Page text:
It was this history of caste struggle and of political action that remained relatively unknown not only to us, but to most members of my father’s generation. The objects in my household- the medals, the photographs, the silver cutlery- formed the link between me and the political history of my family. These objects remain the only tangible evidence of my great-grandfather’s inheritance. As I engage with these objects on my walls, in my kitchen, in the torn dusty photo albums, I recognize the secret history of my family. And now, I am left with the task of giving meaning to this inheritance.

For further reading, see :
1. Sekhar Bandyopadhyay. “Social Protest or Politics of Backwardness?” in Dissent and Consensus: Protest in Pre-Industrial Societies, ed. Basudeb Chattopadhyay, Hari S. Vasudevan, and Rajat Kanta Ray (New Delhi, 1989).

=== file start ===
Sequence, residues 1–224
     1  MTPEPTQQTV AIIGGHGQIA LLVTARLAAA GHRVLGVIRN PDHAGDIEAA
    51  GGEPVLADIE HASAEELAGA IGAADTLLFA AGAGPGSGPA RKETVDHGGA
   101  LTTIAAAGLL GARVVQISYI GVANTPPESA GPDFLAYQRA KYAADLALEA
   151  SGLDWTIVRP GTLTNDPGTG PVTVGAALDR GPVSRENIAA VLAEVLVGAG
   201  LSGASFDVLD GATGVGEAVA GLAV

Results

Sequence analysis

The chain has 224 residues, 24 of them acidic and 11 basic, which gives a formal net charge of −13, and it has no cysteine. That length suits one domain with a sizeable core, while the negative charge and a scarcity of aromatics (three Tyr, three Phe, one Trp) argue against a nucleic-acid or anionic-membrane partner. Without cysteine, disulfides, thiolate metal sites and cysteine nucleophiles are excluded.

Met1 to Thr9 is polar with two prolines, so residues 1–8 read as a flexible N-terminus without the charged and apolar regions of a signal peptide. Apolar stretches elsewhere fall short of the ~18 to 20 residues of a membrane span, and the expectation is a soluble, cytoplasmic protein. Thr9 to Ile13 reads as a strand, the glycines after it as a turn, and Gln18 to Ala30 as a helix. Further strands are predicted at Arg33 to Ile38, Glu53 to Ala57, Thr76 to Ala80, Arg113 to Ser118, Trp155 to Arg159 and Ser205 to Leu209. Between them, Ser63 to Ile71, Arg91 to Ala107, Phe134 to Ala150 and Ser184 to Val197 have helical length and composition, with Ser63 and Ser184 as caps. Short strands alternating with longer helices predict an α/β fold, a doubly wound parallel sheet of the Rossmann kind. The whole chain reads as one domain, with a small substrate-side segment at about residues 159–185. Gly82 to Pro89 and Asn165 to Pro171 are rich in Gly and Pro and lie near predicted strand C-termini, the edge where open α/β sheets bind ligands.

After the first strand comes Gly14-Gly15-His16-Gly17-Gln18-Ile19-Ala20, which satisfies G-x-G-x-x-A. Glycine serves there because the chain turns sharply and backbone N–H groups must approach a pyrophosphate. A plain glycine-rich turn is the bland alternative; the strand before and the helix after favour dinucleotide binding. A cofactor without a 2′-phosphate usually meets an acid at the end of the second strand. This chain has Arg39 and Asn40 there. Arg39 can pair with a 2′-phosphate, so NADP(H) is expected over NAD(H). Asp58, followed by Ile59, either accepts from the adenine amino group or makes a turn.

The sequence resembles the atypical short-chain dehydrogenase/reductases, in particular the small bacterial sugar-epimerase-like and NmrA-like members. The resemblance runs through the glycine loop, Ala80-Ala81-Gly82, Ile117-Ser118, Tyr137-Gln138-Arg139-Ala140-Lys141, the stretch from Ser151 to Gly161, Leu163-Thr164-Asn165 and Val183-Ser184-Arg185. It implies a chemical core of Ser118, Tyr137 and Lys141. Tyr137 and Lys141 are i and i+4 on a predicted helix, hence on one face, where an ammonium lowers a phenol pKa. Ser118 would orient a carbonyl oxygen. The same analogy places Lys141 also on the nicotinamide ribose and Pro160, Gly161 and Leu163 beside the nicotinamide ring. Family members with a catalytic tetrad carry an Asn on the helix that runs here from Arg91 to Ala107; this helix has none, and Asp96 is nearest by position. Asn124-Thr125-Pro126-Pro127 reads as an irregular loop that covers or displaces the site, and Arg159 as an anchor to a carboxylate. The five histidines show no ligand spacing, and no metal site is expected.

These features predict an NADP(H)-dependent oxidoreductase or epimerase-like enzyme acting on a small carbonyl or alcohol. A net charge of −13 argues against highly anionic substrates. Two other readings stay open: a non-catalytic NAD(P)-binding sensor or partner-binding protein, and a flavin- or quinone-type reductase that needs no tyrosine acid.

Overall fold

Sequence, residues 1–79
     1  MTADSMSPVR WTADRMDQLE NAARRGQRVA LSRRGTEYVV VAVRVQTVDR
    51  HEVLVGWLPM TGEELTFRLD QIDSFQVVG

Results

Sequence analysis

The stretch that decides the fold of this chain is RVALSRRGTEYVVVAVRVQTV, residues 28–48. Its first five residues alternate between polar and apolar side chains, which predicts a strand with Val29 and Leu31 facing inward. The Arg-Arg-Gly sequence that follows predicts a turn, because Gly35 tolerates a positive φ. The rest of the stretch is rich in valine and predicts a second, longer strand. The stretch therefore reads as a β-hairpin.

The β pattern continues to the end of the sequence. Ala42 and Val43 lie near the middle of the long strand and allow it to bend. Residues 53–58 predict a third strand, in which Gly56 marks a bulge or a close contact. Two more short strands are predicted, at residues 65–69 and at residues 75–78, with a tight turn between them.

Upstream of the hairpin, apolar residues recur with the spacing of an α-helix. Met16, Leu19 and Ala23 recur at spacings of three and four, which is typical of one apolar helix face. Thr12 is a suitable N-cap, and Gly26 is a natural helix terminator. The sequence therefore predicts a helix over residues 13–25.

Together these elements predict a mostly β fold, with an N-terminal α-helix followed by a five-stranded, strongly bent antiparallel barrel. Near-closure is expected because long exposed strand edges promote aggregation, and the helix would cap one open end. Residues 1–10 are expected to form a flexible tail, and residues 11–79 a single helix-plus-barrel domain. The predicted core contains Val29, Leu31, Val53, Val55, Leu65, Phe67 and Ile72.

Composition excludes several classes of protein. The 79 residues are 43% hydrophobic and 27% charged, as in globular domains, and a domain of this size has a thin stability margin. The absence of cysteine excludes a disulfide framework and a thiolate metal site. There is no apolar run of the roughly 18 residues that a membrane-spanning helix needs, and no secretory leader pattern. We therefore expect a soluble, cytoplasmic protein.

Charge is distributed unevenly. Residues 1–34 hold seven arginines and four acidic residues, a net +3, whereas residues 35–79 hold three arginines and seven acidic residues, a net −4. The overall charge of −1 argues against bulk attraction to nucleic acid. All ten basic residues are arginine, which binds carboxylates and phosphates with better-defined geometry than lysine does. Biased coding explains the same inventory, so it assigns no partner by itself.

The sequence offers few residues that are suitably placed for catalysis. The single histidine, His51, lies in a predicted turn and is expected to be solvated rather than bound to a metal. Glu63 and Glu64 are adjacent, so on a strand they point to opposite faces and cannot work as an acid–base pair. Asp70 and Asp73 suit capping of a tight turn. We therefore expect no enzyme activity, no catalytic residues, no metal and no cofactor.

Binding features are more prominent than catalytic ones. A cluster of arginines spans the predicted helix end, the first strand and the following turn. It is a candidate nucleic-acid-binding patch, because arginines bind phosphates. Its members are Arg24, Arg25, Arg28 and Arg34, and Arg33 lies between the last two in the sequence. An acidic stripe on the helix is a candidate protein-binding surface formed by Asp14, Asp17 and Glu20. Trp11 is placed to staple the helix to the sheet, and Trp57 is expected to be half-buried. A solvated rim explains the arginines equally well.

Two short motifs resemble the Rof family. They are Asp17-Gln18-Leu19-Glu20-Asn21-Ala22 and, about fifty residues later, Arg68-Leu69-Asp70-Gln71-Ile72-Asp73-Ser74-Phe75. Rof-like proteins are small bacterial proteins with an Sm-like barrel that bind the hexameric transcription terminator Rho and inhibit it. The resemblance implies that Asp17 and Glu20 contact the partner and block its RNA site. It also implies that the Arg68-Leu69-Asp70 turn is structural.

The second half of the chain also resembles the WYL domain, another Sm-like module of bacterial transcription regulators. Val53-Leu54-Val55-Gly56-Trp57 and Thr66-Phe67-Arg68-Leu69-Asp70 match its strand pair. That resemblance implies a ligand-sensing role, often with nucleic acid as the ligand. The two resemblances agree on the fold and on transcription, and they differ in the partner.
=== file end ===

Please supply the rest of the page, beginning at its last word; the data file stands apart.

2. A.K Biswas. The Namasudras of Bengal. (New Delhi, 2000)
3. Sekhar Bandyopadhyay. Caste, Protest and Identity in Colonial India: The Namasudras of Bengal 1872-1947. (Richmond, Surrey, 1997)
4. Ross Mallick. “Refugee Settlement in Forest Reserves: West Bengal Policy Reversal and the Marichjhapi Massacre” Journal of South Asian Studies 58, no.1, (1999), pp.104-125.
5. Tanika Sarkar. “Jitu Santal’s Movement in Malda, 1924-1932” in R Guha (ed), Subaltern Studies IV (Delhi, 1985).
6. Sekhar Bandyopadhyay. Caste, Culture and Hegemony: Social Domination in Bengal. (Delhi, 2004)
7. Tanika Sarkar. Bengal 1928-1934: The Politics of Protest. (Delhi, 1987)
8. Gautam Bhadra and Partha Chatterjee (eds). Nimnabarger Itihas (The History of the Subaltern Classes). (Calcutta: 1997)
9. Nilanjana Chatterjee. Midnight’s Unwanted Children: East Bengali Refugees and the Politics of  Rehabilitation. PhD thesis. Brown University